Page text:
Strain variation in fold-and-thrust belts: Implications for construction of retrodeformable models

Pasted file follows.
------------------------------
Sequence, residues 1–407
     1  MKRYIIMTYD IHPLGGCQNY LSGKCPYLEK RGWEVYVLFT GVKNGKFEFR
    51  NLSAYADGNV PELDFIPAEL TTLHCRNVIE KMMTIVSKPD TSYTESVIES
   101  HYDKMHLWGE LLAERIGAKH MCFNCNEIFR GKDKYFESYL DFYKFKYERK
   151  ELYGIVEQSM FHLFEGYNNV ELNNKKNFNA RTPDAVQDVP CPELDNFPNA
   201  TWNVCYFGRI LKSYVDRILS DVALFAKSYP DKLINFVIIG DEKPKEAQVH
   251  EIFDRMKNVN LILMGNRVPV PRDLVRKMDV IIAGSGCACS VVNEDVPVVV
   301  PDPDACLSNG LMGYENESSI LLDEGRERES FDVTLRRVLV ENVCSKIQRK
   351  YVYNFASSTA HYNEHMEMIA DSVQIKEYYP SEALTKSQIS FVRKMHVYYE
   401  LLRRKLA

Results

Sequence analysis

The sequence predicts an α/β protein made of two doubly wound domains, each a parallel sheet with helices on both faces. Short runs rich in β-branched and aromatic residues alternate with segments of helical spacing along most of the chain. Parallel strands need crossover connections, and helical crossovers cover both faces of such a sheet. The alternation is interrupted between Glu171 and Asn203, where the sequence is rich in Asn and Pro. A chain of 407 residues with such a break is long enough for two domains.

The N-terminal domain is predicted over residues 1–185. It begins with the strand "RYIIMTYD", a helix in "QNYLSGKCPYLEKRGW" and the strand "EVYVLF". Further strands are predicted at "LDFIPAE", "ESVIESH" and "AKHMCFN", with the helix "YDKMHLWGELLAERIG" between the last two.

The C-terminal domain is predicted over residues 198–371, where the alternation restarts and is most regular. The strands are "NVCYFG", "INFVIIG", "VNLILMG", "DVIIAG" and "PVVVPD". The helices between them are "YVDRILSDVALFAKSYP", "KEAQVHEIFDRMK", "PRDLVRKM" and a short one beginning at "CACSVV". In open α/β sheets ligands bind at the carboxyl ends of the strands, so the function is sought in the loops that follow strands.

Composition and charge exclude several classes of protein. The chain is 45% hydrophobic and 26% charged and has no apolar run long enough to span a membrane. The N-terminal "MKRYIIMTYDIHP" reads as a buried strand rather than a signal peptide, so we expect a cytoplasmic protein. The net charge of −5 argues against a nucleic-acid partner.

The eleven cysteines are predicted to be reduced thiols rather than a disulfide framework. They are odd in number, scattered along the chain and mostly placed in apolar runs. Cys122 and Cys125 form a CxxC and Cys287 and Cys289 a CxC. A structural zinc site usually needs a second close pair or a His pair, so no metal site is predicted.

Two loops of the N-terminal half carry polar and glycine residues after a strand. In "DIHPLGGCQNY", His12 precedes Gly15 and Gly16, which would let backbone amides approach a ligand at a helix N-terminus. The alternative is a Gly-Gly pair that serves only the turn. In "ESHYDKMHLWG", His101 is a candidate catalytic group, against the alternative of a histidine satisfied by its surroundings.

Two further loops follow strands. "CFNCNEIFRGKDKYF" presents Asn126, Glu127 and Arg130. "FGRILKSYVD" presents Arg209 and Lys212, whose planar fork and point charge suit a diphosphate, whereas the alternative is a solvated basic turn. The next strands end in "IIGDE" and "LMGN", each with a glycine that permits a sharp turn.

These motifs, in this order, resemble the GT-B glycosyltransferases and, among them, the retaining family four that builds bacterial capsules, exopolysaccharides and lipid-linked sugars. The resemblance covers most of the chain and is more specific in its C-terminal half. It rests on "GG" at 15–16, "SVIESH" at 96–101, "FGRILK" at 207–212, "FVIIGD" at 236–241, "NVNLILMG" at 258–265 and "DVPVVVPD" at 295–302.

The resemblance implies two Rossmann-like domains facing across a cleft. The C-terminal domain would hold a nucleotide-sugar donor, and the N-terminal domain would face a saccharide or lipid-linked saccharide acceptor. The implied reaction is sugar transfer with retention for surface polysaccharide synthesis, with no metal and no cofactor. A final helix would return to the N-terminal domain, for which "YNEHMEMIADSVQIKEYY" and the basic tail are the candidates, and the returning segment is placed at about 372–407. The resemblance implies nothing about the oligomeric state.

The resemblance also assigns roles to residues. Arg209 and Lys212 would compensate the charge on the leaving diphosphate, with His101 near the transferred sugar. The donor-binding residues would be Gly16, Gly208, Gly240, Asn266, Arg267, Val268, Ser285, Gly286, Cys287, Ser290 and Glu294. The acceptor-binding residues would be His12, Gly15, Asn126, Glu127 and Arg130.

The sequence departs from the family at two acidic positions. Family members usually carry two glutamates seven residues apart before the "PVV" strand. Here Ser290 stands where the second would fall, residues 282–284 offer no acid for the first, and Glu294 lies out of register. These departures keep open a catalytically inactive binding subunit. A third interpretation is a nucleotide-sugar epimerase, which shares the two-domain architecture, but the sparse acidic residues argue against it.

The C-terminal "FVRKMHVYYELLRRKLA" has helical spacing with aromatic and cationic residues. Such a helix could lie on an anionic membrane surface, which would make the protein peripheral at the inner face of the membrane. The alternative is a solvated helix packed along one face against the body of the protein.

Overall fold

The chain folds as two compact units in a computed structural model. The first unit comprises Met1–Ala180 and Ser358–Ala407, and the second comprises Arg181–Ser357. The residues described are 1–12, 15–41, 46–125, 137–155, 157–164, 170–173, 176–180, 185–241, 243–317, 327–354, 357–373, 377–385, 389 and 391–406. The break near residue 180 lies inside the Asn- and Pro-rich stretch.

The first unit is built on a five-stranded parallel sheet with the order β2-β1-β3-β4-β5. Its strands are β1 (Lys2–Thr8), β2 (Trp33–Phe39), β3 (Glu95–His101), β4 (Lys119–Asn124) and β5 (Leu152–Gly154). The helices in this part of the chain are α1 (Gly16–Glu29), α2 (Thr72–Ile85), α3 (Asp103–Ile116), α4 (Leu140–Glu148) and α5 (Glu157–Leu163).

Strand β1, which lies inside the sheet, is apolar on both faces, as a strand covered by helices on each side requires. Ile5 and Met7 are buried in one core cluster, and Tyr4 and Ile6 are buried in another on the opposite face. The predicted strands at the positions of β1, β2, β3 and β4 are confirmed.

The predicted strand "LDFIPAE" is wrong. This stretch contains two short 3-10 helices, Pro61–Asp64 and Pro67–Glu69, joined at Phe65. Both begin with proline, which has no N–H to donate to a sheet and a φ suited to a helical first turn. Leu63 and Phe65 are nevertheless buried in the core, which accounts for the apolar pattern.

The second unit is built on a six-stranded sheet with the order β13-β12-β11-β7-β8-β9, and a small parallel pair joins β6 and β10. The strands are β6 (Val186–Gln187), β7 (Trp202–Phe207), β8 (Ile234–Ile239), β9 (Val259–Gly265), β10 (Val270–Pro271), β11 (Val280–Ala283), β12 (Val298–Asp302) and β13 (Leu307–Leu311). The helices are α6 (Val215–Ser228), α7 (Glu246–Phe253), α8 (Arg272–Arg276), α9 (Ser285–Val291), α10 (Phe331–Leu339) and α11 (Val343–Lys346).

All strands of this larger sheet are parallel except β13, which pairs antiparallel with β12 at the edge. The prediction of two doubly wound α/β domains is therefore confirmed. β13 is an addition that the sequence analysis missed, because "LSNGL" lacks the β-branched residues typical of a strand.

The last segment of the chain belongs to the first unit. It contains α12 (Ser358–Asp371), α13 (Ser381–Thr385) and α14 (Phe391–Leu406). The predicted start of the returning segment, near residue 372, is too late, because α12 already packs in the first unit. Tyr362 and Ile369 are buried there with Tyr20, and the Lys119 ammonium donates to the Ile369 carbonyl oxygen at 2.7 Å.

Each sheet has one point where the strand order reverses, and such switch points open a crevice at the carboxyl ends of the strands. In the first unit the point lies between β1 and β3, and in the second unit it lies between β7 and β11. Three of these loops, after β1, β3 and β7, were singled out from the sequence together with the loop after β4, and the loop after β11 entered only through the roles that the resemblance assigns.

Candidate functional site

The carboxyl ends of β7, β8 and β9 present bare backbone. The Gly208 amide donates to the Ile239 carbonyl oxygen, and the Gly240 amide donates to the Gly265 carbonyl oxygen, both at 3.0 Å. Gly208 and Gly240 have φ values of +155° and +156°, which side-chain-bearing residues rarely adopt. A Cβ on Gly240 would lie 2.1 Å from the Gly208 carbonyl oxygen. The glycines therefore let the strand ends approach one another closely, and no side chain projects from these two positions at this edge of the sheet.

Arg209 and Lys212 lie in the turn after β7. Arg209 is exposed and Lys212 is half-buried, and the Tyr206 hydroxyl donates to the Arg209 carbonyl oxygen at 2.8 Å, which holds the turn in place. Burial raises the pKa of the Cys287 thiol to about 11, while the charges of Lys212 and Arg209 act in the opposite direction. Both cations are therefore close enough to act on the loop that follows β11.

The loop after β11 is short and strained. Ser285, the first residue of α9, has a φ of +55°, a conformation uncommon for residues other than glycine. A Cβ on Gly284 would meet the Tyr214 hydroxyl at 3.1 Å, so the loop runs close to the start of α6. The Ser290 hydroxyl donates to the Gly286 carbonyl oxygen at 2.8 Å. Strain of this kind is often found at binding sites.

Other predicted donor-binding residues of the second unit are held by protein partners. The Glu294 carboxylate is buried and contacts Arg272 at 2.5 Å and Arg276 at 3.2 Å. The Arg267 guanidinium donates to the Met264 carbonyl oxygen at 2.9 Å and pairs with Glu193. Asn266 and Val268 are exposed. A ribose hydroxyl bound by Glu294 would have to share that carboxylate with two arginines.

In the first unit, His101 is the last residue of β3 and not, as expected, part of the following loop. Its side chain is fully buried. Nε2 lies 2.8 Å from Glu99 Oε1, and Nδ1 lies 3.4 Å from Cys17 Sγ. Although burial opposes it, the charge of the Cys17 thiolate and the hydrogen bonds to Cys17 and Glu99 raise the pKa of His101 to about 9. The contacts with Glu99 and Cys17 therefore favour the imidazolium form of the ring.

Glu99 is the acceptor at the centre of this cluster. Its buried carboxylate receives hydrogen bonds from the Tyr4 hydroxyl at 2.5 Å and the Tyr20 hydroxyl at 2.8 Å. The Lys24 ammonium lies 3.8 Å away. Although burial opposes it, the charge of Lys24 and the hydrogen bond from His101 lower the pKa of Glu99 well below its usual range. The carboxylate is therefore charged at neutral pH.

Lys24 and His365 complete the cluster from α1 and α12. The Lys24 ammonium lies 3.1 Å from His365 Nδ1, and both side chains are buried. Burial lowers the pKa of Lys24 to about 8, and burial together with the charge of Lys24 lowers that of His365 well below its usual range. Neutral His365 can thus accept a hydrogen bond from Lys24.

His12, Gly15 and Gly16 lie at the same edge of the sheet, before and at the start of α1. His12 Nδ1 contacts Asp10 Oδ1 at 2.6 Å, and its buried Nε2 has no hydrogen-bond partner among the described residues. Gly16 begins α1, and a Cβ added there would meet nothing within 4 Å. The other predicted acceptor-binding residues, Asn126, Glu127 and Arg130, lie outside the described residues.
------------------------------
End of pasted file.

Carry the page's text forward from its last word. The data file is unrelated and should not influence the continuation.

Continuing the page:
Deformation in fold-and-thrust belts such as the Himalayas can be represented by the displacement vector field. The strain component of the displacement vector field across the fold-and-thrust belt varies from near zero in external thrust sheets to a significant part of the field in internal thrust sheets. In addition, strain exhibits three-dimensional patterns in parts of internal sheets, near fault zones, and in the overturned limbs of fault-related folds due to superposition of penetrative-strain producing deformation events. This paper examines superposition of these strain producing deformation events in some detail and points out situations in fold-and-thrust belts wherein the finite strain becomes three-dimensional. This suggests that the plane-strain assumption used in the construction of retrodeformable models of fold-and-thrust belt evolution breaks down in these situations and the models lose their validity. Therefore, current techniques used for construction of retrodeformable models in fold-and-thrust belts need to be modified and three-dimensional models which include three-dimensional finite and incremental strain data need to be constructed for an accurate study of the evolution of geometry and kinematics in fold-and-thrust belts.